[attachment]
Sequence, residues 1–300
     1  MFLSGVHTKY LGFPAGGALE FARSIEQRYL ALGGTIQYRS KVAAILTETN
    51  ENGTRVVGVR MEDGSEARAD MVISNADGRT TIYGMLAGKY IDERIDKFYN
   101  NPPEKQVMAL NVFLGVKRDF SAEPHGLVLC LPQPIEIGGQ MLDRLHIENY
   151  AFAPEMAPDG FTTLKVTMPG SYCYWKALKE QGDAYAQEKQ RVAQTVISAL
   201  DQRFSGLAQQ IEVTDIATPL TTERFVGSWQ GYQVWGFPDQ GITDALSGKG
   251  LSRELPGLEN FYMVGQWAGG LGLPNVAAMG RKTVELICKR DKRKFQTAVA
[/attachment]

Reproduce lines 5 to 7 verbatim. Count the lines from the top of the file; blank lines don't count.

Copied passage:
   151  AFAPEMAPDG FTTLKVTMPG SYCYWKALKE QGDAYAQEKQ RVAQTVISAL
   201  DQRFSGLAQQ IEVTDIATPL TTERFVGSWQ GYQVWGFPDQ GITDALSGKG
   251  LSRELPGLEN FYMVGQWAGG LGLPNVAAMG RKTVELICKR DKRKFQTAVA